Coronavirus: Should I Cancel My Holiday?

Is it safe to travel as coronavirus continues to spread? And will you get your money back if you cancel?

Coronavirus (Covid-19) airport and travel

by Grazia Contributor |
Published on

Since Monday, 2 March, several UK airlines led by British Airways, Ryanair and easyJet have cancelled flights to several destinations in Europe – especially Northern Italy – in response to the coronavirus (Covid-19) outbreak and the subsequent slump in demand. Expect further cancellations and consolidations to be announced as the virus spreads. In light of the airlines’ action, should travellers be thinking of postponing holidays until the situation calms down? The Foreign Office is not advising people to cancel trips. Here travel expert Frank Barrett gives his tips.


Holidays are an activity that tend to exclude cool logic. We book trips in a spirit of excitement so it shouldn’t be surprising that other emotions can persuade us to cancel: every year there are usually lots of sound reasons for nixing a holiday: at your proposed holiday place there may be floods, earthquakes, tornadoes, civil disturbance, strikes to name a few regular problems. Health scares are less frequent – but usually more worrying.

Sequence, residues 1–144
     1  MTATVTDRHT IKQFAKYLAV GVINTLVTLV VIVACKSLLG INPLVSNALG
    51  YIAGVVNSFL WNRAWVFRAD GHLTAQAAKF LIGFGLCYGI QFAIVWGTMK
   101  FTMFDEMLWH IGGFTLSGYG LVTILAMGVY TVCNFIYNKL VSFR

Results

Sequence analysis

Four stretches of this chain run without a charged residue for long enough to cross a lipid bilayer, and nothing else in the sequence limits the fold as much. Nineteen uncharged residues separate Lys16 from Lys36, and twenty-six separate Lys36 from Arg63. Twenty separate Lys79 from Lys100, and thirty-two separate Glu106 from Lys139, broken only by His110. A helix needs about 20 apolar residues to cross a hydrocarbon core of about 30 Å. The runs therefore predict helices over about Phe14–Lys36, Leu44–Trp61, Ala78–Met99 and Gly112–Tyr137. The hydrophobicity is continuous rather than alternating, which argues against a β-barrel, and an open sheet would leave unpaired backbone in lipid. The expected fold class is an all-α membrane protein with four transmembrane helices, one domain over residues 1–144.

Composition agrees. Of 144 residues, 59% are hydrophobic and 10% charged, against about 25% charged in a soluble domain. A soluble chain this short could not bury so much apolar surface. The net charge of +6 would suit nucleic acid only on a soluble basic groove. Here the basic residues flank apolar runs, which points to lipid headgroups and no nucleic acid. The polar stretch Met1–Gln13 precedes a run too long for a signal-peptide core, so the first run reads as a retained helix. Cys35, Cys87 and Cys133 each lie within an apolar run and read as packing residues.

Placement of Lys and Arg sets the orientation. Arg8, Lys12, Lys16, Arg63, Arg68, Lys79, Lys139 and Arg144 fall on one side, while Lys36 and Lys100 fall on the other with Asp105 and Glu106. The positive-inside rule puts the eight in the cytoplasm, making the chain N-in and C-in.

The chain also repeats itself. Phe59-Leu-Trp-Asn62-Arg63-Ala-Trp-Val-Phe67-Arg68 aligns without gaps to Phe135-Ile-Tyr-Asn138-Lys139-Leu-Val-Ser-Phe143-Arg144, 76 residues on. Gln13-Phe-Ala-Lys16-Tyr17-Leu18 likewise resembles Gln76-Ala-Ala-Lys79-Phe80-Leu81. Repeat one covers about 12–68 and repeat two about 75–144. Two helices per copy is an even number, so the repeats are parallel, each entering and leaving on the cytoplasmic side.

Don’t…lose perspective

When you’re thinking of potential difficulties abroad, bear in mind that the two most common causes of holiday deaths are road accidents and drowning. You don’t abandon your holiday just because you hear that someone has had a serious car accident. You respond by making sure that you’re careful how you drive or where you swim. It should be the same with Covid-19. You can minimise the risk by taking the appropriate precautions: washing your hands properly, for example, or avoiding crowds

Do…follow the latest advice

There’s plenty of advice on the internet about which destinations are less affected than others. It makes sense to leave your booking as late as possible in order to be sure of travelling to a ‘safer’ place.

Do…count the cost

Unless the government is specifically advising people not to travel to a particular destination, you will lose any money you’ve paid if you decide to cancel. The insurance company will judge your action as a ‘disinclination’ to travel and penalise you accordingly. Bookings are already right down so it makes sense anyway to delay your booking – prices are certain to fall dramatically for trips this summer. It’s an ill wind, after all, that blows nobody any good.

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